Harbor Branch Campus showcasing oceanographic technology in first ever rotating exhibit

New technology like underwater laser imaging just one of the new tools on display starting Saturday

Photo+of+Harbor+Branch+Oceanic+Discovery+Center+courtesy+of+Harbor+Branch%27s+Facebook+page.
Back to Article
Back to Article

Harbor Branch Campus showcasing oceanographic technology in first ever rotating exhibit

Photo of Harbor Branch Oceanic Discovery Center courtesy of Harbor Branch's Facebook page.

Photo of Harbor Branch Oceanic Discovery Center courtesy of Harbor Branch's Facebook page.

Photo of Harbor Branch Oceanic Discovery Center courtesy of Harbor Branch's Facebook page.

Photo of Harbor Branch Oceanic Discovery Center courtesy of Harbor Branch's Facebook page.

Zak Sadik, Contributing Writer

Hang on for a minute...we're trying to find some more stories you might like.


Email This Story






Less than five percent of the ocean has been explored to date, according to the National Ocean Service. However, FAU scientists have been developing technology to discover what lies beneath the deep.

On Saturday Jan. 16, the FAU Harbor Branch Oceanographic Institute (HBOI) will be unveiling a showcase that will feature the tools scientists and engineers at FAU use to explore the ocean.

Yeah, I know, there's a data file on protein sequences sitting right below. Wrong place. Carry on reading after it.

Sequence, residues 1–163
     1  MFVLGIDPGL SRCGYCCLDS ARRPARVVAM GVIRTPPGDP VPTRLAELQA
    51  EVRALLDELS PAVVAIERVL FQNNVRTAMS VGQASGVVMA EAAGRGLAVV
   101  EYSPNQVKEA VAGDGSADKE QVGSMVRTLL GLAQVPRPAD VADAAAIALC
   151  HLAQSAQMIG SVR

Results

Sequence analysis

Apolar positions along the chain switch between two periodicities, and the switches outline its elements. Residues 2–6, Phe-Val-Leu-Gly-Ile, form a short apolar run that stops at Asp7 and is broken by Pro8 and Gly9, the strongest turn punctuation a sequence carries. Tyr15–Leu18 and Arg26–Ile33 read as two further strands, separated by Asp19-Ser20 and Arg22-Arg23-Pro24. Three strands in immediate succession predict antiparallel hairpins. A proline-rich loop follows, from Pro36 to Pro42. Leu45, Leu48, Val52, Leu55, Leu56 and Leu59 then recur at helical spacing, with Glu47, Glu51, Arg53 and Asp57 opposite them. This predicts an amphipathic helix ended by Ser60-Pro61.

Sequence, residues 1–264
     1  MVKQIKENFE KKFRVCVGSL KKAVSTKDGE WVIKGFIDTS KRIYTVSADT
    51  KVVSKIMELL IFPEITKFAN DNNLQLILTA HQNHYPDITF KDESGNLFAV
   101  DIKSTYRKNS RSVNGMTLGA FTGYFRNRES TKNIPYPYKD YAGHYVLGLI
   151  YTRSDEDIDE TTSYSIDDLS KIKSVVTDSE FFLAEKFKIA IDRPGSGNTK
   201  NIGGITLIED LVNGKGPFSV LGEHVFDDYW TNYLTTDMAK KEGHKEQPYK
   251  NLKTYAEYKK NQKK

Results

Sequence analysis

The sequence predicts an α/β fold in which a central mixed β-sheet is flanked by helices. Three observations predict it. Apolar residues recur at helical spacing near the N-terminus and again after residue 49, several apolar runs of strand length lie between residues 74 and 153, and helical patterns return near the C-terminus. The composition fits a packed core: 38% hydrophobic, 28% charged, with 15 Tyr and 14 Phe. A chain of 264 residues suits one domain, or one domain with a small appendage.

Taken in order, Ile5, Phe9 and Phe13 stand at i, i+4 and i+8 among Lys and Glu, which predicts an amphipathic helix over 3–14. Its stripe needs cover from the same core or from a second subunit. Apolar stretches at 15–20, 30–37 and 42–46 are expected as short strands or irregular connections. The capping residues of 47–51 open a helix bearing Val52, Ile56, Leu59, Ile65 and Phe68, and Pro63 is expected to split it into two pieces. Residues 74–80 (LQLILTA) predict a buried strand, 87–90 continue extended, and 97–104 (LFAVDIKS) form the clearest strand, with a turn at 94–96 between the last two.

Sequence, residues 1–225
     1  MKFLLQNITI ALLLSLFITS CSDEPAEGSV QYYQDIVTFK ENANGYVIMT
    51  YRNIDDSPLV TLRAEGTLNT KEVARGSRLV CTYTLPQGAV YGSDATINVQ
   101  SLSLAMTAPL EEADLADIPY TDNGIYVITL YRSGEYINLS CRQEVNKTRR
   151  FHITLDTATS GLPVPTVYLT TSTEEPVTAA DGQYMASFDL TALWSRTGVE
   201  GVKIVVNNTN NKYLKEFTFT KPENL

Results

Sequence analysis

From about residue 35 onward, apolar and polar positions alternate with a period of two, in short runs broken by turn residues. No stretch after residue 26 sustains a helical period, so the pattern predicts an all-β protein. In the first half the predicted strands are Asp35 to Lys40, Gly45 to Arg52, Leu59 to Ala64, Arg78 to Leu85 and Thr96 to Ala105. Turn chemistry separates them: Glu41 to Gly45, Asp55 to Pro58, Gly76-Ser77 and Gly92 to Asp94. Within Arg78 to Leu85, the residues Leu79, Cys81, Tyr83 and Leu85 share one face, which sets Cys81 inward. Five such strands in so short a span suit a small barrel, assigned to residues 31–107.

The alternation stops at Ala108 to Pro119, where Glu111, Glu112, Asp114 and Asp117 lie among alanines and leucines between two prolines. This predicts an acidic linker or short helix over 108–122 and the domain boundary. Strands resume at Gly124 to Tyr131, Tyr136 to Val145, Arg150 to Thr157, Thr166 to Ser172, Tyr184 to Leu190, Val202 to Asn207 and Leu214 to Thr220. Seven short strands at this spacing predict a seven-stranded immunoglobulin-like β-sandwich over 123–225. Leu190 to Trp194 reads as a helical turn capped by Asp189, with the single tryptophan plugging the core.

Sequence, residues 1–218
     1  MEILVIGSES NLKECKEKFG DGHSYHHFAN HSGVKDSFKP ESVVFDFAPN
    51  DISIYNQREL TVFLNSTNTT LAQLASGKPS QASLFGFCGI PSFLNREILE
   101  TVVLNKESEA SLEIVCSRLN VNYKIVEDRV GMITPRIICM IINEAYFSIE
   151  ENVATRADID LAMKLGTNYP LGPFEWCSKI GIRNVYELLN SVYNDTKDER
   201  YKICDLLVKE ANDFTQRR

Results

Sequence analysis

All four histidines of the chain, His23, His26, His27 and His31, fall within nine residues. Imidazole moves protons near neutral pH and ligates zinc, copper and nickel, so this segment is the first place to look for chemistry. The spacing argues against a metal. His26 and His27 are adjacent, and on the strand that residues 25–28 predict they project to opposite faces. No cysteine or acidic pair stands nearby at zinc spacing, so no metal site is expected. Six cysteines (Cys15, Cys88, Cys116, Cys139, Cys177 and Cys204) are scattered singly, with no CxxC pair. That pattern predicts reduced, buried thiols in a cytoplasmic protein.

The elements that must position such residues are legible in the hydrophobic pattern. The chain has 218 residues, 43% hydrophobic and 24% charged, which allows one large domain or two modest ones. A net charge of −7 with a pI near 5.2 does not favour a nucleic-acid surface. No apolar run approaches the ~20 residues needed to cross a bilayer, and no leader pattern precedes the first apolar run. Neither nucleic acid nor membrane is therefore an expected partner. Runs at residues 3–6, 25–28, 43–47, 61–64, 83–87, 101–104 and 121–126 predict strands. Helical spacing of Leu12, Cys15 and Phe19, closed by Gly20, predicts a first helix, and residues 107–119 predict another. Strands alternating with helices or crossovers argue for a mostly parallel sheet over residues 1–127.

Named “Sight, Sound and Dynamics in the Sea: The Role of Technology in Ocean Exploration,” it will be Harbor Branch’s first ever rotating exhibit.

“The exhibit presents a view into the innovative technology being developed at HBOI, where researchers are making groundbreaking discoveries every day,” a press release from FAU’s research department said.

It will mark the first of a series of oceanographic exhibits displayed by Harbor Branch.

The institute has three main undertakings: exploring the ocean, understanding the marine ecosystem and learning how to wisely use marine resources.

Some of the technologies that the oceanographic institute boasts on its website include surface and sub-surface hydrocarbon detection and characterization, underwater laser imaging and advanced underwater image and video processing.

Laser imaging is similar to the way bats use sonar to visualize the environment around them. The lasers scan beneath sea level to collect accurate 3D models of both underwater structures and the seabed.

The hydrocarbon detection picks up the presence of gas and oil in the water. This is especially useful given that oil and gas industries have offshore pipelines.

Advanced underwater video processing primarily allows for better detection of moving objects, which can help in multiple areas — including the study of the distribution and abundance of oceanic animals.

The exhibit can be seen in the new gallery at the Ocean Discovery Visitor’s Center, 5600 US 1 North, Fort Pierce starting Saturday at 10 a.m.

The exhibit will remain open to the public during regular Ocean Discovery Visitor’s Center hours through August.

Zakaria Sadik is a contributing writer with the University Press. To contact him on this or other stories he can be reached at [email protected] or on Twitter.